Sounds good, right? It was! ...But it was also wildly overambitious, since I started the day with the shopping and then went into the cooking, and it took me until 3 p.m. to make "lunch." So we tossed out the picnic plan and ate lunch at home, and then we walked down the street and tasted some terrific Oregon pinots at our favorite wine shop down the street. I also stopped at the roaster around the corner and picked up some coffee, on the theory that at least it was roasted by a small, local business.

I'm writing this on Friday morning (July 25) and so far the week has included 29 local foods, and it's been pretty effortless. Dave is about finished with the chicken, so local food Number 30 will be ground beef from the farmer's market. We've been nibbling on carrots, walnuts, and bell peppers from the farmer's market. I swapped out peanut butter for good Oregon hazelnut butter from the market, and it's a yummy change, especially with Oregon marionberry or plum jam, followed with Tillamook yogurt. I cooked the beet greens and some chard from the market along with zucchini and green beans, in a Trader Joe's simmer sauce with non-local cannelloni beans and tofu. We've been eating really well this week -- and we came in a little over the food budget, but mostly for the birthday splurge (a Saturday lunch is usually quite a bit simpler). I'm going to keep the Challenge going, I think!

--Sheila Potter

By Kim ODonnel |  July 28, 2008; 7:00 AM ET Eat Local Challenge
Previous: Last Supper at Casa Appetite East | Next: Much-Needed Tears From 'Onion' Cooking Video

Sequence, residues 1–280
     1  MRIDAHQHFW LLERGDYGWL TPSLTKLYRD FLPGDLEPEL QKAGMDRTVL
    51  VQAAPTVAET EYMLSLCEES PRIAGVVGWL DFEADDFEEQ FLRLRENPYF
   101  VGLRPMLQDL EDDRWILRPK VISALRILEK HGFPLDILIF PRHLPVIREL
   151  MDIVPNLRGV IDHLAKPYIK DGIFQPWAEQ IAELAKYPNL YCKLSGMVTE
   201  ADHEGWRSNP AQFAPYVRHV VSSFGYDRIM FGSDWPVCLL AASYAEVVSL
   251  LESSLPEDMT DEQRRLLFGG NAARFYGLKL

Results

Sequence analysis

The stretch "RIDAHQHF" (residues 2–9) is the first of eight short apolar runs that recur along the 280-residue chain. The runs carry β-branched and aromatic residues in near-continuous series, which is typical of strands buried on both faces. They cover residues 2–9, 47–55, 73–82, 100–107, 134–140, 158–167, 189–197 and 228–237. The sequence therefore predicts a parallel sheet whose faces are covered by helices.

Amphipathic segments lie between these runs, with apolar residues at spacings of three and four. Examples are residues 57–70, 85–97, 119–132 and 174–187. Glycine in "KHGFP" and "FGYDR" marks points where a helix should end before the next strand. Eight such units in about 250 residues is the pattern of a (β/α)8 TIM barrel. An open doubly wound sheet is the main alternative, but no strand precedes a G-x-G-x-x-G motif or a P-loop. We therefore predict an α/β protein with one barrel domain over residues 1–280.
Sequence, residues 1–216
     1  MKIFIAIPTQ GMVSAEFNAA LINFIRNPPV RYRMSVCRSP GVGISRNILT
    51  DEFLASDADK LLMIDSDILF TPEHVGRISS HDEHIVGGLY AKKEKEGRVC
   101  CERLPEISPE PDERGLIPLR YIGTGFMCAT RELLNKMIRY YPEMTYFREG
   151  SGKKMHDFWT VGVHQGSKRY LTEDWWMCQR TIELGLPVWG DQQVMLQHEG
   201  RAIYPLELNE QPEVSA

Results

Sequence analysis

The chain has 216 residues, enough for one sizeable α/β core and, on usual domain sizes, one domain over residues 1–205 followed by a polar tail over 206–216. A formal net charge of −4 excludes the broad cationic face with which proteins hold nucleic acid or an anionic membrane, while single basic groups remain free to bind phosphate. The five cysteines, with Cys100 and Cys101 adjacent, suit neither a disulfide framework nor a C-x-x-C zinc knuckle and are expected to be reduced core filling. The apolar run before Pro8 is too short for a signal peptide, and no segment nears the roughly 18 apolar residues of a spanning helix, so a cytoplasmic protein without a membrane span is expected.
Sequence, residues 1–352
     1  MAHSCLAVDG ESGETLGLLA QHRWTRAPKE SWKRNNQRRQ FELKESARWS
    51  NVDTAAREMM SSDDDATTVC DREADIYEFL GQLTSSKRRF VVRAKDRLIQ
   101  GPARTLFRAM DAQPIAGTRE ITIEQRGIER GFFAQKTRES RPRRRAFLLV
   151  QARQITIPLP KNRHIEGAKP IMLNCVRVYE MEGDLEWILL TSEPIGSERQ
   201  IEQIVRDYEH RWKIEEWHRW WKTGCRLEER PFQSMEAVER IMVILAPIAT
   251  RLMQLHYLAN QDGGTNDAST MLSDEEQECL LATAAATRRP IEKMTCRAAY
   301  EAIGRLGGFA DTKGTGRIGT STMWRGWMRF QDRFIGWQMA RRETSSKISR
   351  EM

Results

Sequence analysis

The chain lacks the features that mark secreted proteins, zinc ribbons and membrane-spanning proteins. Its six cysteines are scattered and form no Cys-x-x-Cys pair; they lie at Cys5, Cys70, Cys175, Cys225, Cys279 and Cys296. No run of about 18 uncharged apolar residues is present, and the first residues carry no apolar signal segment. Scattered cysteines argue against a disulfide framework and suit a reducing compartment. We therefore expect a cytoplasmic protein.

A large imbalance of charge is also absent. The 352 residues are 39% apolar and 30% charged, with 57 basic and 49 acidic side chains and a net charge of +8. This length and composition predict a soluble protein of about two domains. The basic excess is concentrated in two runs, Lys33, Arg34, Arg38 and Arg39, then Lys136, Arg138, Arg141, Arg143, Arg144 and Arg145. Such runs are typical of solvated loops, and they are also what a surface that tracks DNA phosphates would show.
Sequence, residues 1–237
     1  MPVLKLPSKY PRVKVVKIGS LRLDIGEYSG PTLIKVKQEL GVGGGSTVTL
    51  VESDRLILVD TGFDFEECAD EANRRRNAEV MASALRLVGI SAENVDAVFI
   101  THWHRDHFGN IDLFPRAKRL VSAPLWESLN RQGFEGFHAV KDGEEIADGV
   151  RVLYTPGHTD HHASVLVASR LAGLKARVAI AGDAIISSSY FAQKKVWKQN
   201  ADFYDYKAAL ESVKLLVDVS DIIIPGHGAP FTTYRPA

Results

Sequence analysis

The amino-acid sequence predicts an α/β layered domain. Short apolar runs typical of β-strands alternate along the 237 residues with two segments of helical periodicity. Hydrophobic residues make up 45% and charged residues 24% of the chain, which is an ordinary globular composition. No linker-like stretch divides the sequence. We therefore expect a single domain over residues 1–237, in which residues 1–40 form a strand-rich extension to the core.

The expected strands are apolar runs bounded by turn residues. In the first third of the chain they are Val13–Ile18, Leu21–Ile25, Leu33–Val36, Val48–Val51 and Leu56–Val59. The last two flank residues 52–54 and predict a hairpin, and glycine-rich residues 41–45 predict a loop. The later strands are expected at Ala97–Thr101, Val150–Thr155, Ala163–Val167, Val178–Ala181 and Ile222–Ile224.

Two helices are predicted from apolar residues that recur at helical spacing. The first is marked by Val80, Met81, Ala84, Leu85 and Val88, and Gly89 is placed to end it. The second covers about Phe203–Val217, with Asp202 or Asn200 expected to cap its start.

Comments

Please email us to report offensive comments.



It seems like everyone who tried the challenge seemed to eat better than usual and that it wasn't really as hard as we thought.

I know at my place, we had some great all local meals and have plans for more. My favorite new item from the ELC was making salsa for the first time -- I made it last week and the roughly 16 ozs was gone in two days. Batch 2 will probably suffer a similar fate. I also finally got my popsicle molds in (talk about tough to find!) and made watermelon pops with local fruit. They got a ringing endorsement that made the effort worth while.

I also liked the connection to my food -- seeing all the whole fruits and vegetables turn into something new.

Posted by: KitchenCat | July 28, 2008 1:14 PM

Sheila -Bob's Red Mill does cannelinni beans. The company is local to PDX and while NS does carry all of their product the little store in Milwaukie is a great resource for beans and grains in bulk.

Posted by: Lisa in SW PDX | July 29, 2008 2:26 PM

Thanks, Lisa! Are the cannellini beans actually from Oregon/Washington, though? Or are they just sold by Bob's Red Mill? I baked cookies with Red Mill flour (and Dagoba chocolate), for example, but I didn't count it as local because the wheat still gets trucked in from the midwest -- even though the Milwaukie store itself is maybe a ten-minute drive from my house.

Posted by: Sheila | July 29, 2008 4:45 PM

The comments to this entry are closed.

 
 

© 2010 The Washington Post Company